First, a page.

Tom Cummins knew a little something about Mary McLeod Bethune. He had read about the civil rights activist in the context of Franklin and Eleanor Roosevelt’s “Black Cabinet,” a group of African American leaders that the president and his wife consulted in shaping their New Deal programs. So when Cummins’ guidebook suggested the Mary McLeod Bethune Council House National Historic Site as an off-the-beaten-path tourist destination, he and his wife, Shelley Potter — who were visiting Washington, D.C., from San Antonio, Texas — were game.

The couple had been to Washington plenty of times before and had seen all the major sights. “We were looking for new places to visit,” Potter said as we made our way through the tall, elegant townhouse with our guide, National Park Service Ranger Vince Vaise. We moved through the stately rooms where Bethune, founder of the National Council of Negro Women, had greeted visitors, and Vaise pointed out her desk and telephone and an enormous dining room table around which she held meetings.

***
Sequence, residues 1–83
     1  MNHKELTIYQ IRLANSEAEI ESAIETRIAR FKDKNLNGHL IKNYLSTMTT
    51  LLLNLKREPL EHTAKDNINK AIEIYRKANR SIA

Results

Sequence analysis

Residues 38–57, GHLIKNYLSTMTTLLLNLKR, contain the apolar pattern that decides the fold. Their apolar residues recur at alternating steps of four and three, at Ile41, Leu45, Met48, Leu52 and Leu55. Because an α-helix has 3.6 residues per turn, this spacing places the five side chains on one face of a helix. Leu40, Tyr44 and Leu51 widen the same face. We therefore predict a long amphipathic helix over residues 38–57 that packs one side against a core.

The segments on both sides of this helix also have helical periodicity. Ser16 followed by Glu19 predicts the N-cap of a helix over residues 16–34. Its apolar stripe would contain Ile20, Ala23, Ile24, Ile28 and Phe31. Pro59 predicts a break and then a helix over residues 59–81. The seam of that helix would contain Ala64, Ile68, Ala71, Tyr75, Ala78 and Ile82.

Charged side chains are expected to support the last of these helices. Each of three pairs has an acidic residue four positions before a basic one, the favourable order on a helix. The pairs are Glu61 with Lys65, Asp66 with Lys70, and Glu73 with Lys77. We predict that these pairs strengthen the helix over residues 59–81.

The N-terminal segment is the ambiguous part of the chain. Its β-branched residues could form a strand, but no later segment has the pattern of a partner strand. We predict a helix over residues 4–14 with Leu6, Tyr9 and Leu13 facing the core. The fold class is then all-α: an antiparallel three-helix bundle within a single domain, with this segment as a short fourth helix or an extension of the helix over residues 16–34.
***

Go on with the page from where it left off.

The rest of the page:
(0) comments

Welcome to the discussion.

Keep it Clean. Please avoid obscene, vulgar, lewd, racist or sexually-oriented language.
Don't Threaten. Threats of harming another person will not be tolerated.
Be Truthful. Don't knowingly lie about anyone or anything.
Be Nice. No racism, sexism or any sort of -ism that is degrading to another person.
Be Proactive. Use the 'Report' link on each comment to let us know of abusive posts.
Share with Us. We'd love to hear eyewitness accounts, the history behind an article.